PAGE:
I often cry while listening to the news during the pandemic. The news, not new, of horrible murder and racism in the United States, not unique to that place, of old people dying in squalid long-term non-care homes in my province, of the poor, the discarded dying more often than the comfortable.
So far, I and my husband are in good physical health. I walk in the neighbourhood, coming down out of the high-rise we live in to the ground, to streets of old and young trees and houses with gardens, to the lilacs, the robins and cardinals, to the redbud petals raining on me in the wind in a nearby park on the weekend.
Before the virus, before the protests, the demonstrations around the world, before the mad dictator with his cruel mouth and willful blindfold, I was thinking of other losses. I gathered this poem I wrote years ago, added a few words and gathered a small stuffed bird-like creature I made of handmade felt, also a few years old. Here they are.
For the Nighthawks
Dusk, a week before the solstice:
a cool summer night.
I walk home from the subway
taking the residential avenue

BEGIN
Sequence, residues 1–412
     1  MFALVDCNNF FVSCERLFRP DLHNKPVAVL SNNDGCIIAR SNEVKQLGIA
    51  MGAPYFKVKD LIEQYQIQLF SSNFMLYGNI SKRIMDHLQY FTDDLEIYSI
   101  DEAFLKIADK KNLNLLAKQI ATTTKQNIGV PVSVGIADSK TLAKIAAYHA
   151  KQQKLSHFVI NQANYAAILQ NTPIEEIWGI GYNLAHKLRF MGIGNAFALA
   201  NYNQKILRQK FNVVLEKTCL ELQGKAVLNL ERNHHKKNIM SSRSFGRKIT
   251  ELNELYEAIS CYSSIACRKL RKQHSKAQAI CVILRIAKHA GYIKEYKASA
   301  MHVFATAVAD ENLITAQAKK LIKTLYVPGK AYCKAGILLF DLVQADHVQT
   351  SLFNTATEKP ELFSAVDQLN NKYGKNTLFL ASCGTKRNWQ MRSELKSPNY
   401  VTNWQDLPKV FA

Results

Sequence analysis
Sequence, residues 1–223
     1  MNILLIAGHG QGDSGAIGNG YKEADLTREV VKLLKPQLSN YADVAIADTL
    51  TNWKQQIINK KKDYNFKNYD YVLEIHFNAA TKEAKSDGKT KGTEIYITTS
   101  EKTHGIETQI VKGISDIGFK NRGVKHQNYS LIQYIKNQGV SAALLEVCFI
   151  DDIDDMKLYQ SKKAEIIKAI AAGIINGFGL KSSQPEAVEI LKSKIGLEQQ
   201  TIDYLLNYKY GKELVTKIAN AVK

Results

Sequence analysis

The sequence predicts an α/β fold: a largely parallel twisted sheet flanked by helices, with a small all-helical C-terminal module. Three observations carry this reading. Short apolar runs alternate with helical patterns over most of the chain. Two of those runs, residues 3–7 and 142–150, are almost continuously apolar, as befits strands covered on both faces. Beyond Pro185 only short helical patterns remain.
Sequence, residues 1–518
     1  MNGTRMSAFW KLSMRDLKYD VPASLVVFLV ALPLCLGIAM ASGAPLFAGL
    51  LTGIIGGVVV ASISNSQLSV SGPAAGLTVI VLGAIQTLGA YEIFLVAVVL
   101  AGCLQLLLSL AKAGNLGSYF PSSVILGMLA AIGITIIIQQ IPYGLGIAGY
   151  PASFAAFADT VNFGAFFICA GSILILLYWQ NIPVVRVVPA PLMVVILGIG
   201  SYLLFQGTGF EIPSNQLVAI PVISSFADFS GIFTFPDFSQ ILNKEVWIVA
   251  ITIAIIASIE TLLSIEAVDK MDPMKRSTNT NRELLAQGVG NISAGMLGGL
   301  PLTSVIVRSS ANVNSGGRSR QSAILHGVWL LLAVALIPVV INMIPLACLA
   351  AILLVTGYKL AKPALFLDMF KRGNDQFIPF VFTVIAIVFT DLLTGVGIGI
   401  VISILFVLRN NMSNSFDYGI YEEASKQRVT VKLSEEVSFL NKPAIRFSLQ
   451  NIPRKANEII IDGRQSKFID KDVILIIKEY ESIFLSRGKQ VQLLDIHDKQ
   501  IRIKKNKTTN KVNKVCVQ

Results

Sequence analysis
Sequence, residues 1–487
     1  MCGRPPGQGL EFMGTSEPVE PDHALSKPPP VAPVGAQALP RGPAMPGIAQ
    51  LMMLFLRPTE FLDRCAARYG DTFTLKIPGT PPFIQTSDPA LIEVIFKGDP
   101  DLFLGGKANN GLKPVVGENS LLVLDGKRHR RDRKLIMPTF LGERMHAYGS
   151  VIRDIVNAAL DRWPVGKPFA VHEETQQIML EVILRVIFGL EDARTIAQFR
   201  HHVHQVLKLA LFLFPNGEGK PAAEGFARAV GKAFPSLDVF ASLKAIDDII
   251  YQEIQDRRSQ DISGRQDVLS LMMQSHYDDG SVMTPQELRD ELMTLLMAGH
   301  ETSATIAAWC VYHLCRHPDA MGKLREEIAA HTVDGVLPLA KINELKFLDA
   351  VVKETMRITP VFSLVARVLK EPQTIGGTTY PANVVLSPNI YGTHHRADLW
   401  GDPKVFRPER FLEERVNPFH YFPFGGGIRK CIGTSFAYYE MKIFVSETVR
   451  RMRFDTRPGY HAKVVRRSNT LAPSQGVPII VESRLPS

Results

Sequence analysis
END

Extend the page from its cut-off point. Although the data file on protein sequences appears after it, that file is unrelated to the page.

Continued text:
off the busy one.
It’s slower here
birds are singing
and the trees are full leaved.
I could walk forever on such a sweet night.
On such a night
I remember the nighthawks from other summers,
I’d hear their cries
swooping low over the back lane
when the door to the tiny balcony
and all the windows were open.
I miss those birds.
It disturbs me that I didn’t notice their absence
until years after they were gone,
the echo of their accompaniment
shaming me in my inattentiveness.
Where are they now, I wonder?
Though they haven’t gone extinct,
their lives are threatened
with the plummeting loss of flying insects,
leaving empty corridors in the air.
Tonight I hear songbirds as I walk.
I cannot name them
nor tell them how they soothe the heart
on this plain summer night,
reminding me of what is good in life,
and of their relatives
who no longer pierce the city air.
Lily S. May June 17/12 – June 4/20